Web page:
Vince, James E.; Tull, Dedreia L.; Spurck, Timothy; Derby, Merran C.; McFadden, Geoffrey I.; Gleeson, Paul A.; Gokool, Suzanne; McConville, Malcolm J.

    2008-01-01

    The adaptor protein-1 (AP-1) complex is involved in membrane transport between the Golgi apparatus and endosomes. In the protozoan parasite Leishmania mexicana mexicana, the AP-1 μ1 and σ1 subunits are not required for growth at 27°C but are essential for infectivity in the mammalian host. In this study, we have investigated the function of these AP-1 subunits in order to understand the molecular basis for this loss of virulence. The μ1 and σ1 subunits were localized to late Golgi and endosom...

  12. Novel binding partners and differentially regulated phosphorylation sites clarify Eps8 as a multi-functional adaptor.

    Directory of Open Access Journals (Sweden)

    Debbie L Cunningham

    Full Text Available Eps8 is involved in both cell signalling and receptor trafficking. It is a known phosphorylation substrate for two proteins involved in the fibroblast growth factor receptor (FGFR signalling pathway: the receptor itself and Src. Here we report a differential proteomic analysis of Eps8 aimed to identify specific FGFR and Src family kinase dependent phosphosites and co-associated phosphodependent binding partners. This study reveals a total of 22 Eps8 pTyr and pSer/Thr phosphorylation sites, including those that are dependent on Src family and FGFR kinase activity. Peptide affinity purification of proteins that bind to a selection of the pTyr phosphosites has identified a range of novel Eps8 binding partners including members of the intracellular vesicle trafficking machinery (clathrin and AP-2, proteins which have been shown to regulate activated receptor trafficking (NBR1 and Vav2, and proteins involved in receptor signalling (IRS4 and Shp2. Collectively this study significantly extends the understanding of Eps8 post-translational modification by regulated phosphorylation, identifies novel Eps8 binding partners implicated in receptor trafficking and signalling, and confirms the functions of Eps8 at the nexus of receptor signalling and vesicular trafficking.

  13. Cul3 and the BTB adaptor insomniac are key regulators of sleep homeostasis and a dopamine arousal pathway in Drosophila.

    Directory of Open Access Journals (Sweden)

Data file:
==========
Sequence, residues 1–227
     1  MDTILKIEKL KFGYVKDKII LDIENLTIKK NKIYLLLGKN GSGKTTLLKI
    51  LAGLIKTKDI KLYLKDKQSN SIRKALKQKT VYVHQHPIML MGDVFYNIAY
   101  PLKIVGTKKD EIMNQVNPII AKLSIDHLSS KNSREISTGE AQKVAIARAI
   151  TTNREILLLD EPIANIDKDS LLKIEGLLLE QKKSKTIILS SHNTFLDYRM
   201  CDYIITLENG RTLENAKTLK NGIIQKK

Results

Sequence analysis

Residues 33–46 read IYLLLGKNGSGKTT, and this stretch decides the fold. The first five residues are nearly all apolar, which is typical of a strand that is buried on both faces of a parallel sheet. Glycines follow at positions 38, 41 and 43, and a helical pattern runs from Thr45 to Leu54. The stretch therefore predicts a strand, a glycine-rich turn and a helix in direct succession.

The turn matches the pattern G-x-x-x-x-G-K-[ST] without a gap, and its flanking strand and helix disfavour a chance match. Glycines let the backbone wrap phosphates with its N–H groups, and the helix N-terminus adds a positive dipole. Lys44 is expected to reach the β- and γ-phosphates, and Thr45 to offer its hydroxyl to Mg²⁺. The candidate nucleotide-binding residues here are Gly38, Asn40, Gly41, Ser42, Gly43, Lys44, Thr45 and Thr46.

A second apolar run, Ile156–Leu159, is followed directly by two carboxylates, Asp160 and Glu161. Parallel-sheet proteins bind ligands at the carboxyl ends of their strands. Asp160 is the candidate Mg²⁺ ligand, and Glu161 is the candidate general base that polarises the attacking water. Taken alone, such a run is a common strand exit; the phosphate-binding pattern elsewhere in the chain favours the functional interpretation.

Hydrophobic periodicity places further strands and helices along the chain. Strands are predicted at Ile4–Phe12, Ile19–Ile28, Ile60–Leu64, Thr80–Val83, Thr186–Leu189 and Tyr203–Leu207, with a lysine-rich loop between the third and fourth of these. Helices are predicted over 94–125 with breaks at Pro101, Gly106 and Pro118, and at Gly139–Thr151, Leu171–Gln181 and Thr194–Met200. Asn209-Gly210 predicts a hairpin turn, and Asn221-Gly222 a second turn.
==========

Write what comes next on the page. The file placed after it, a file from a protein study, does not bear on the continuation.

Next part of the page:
Cory Pfeiffenberger

    Full Text Available Sleep is homeostatically regulated, such that sleep drive reflects the duration of prior wakefulness. However, despite the discovery of genes important for sleep, a coherent molecular model for sleep homeostasis has yet to emerge. To better understand the function and regulation of sleep, we employed a reverse-genetics approach in Drosophila. An insertion in the BTB domain protein CG32810/insomniac (inc exhibited one of the strongest baseline sleep phenotypes thus far observed, a ~10 h sleep reduction. Importantly, this is coupled to a reduced homeostatic response to sleep deprivation, consistent with a disrupted sleep homeostat. Knockdown of the INC-interacting protein, the E3 ubiquitin ligase Cul3, results in reduced sleep duration, consolidation, and homeostasis, suggesting an important role for protein turnover in mediating INC effects. Interestingly, inc and Cul3 expression in post-mitotic neurons during development contributes to their adult sleep functions. Similar to flies with increased dopaminergic signaling, loss of inc and Cul3 result in hyper-arousability to a mechanical stimulus in adult flies. Furthermore, the inc sleep duration phenotype can be rescued by pharmacological inhibition of tyrosine hydroxylase, the rate-limiting enzyme for dopamine biosynthesis. Taken together, these results establish inc and Cul3 as important new players in setting the sleep homeostat and a dopaminergic arousal pathway in Drosophila.

  14. MEX3C interacts with adaptor-related protein complex 2 and involves in miR-451a exosomal sorting.

    Directory of Open Access Journals (Sweden)

    Pin Lu